Erik Mårtensson is a renowned songwriter, producer, mixer and musician known for his work with Eclipse and W.E.T. Nordic Union, Mårtensson’s musical collaboration with legendary Danish rock singer Ronnie Atkins (Pretty Maids), release their third album, Animalistic, today.
This new Nordic Union album is a piece of pure melodic hard rock. Inspired and delightful, Animalistic is a true testament to the skills and talent of both Atkins and Martensson. Taylor Cameron spoke to Erik Mårtensson as he took a break from his production work at his studios, Mass Destruction Production.
Nordic Union – Animalistic (Frontiers Music Srl)
Release Date: 12 August 2022
Interview: Taylor Cameron
Nordic Union formed in 2015, and Mårtensson told MetalTalk that their record label Frontiers Music put the pair together. “I had met Ronnie a few times before,” Mårtensson says. “Eclipse had played some festivals with Pretty Maids. I’ve been asked to do records with different singers and projects, but I’ve turned a lot of them down. I’m a big fan of Pretty Maids, so when Ronnies name came up, I had to do this. It was a no-brainer for me.”
As the vocalist of Eclipse, Mårtensson says stepping into the role of the guitarist and bassist is something he has enjoyed. “It’s wonderful,” he says. “It’s relaxing not being a singer. The singer is always the one who takes the credit and the blame. I like it but I’ve heard enough of my own singing. It’s nice having someone else sing my songs.”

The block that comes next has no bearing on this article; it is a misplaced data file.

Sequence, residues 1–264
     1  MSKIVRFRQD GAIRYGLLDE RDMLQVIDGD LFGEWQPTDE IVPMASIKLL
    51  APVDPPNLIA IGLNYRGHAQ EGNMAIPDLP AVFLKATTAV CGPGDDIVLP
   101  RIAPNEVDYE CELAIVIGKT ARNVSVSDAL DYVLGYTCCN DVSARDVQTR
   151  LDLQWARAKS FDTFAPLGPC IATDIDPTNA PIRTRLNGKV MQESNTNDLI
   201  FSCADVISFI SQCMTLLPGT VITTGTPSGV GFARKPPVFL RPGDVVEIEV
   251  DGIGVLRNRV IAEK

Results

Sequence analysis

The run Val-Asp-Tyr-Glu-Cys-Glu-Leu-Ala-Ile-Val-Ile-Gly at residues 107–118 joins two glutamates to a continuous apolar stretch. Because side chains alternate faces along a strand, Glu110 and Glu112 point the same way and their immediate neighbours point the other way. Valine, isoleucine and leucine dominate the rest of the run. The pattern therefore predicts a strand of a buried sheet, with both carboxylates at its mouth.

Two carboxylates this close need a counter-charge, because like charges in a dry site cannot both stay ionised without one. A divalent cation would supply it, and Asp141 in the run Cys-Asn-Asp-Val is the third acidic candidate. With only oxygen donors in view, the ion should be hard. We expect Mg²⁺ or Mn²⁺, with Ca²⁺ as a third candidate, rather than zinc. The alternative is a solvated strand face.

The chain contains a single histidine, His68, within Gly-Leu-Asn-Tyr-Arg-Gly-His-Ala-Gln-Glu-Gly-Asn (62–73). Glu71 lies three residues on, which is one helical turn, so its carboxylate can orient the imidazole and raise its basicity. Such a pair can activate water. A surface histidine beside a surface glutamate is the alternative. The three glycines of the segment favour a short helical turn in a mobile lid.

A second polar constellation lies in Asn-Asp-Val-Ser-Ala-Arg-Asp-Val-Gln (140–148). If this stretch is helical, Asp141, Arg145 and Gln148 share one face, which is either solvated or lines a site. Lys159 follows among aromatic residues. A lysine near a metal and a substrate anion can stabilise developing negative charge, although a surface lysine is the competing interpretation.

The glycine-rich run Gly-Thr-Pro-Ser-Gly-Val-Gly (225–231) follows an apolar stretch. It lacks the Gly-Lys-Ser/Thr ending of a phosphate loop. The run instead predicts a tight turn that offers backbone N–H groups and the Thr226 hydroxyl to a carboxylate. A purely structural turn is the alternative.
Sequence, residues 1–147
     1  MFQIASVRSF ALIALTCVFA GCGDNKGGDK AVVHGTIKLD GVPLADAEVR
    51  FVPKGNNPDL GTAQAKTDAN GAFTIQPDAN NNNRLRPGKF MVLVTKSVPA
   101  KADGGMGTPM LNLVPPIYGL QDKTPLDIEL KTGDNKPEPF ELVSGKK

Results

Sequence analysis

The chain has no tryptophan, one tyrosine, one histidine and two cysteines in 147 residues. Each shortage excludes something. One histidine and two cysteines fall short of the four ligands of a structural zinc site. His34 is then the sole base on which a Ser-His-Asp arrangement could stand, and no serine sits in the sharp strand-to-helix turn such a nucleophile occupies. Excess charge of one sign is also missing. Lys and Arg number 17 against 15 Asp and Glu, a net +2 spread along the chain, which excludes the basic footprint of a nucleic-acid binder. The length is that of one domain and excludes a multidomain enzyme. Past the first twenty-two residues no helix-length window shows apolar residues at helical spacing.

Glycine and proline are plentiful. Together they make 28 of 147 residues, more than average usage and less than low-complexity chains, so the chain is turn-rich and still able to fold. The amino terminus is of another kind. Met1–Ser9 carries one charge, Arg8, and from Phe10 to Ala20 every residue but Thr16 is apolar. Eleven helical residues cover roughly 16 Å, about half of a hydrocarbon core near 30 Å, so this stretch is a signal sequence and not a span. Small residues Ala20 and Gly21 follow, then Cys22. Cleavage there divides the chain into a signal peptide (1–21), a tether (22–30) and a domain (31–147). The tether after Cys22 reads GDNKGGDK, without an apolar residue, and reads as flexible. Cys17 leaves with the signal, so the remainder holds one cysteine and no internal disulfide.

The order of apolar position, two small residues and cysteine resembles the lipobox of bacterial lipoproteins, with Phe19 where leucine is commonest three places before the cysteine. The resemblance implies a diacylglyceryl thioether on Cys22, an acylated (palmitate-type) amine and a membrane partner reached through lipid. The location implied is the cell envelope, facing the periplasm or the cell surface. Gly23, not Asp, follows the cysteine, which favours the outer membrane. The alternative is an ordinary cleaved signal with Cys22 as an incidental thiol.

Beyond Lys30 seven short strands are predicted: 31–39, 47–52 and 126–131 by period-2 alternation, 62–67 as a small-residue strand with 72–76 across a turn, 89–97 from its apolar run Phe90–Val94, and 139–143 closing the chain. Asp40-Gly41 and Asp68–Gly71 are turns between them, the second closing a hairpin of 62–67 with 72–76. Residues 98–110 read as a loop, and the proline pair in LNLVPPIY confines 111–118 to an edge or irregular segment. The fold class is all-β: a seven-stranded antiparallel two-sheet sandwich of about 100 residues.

Nordic Union’s first album, self-titled, was released in January 2016. Met with a great response from fans, this led to Second Coming released in October 2018 and now Animalistic hits the shelves.
“I’d say Animalistic is much heavier,” Mårtensson says. “The first release was not hit or miss, but it was quite diverse because we didn’t know what Nordic Union was or what sound we had, so it was more trial and error. With the second record, I think we tried to establish the sound of the project, and I think we evolved from there. With Ronnie singing and me writing the songs, they’re still quite similar in a way.”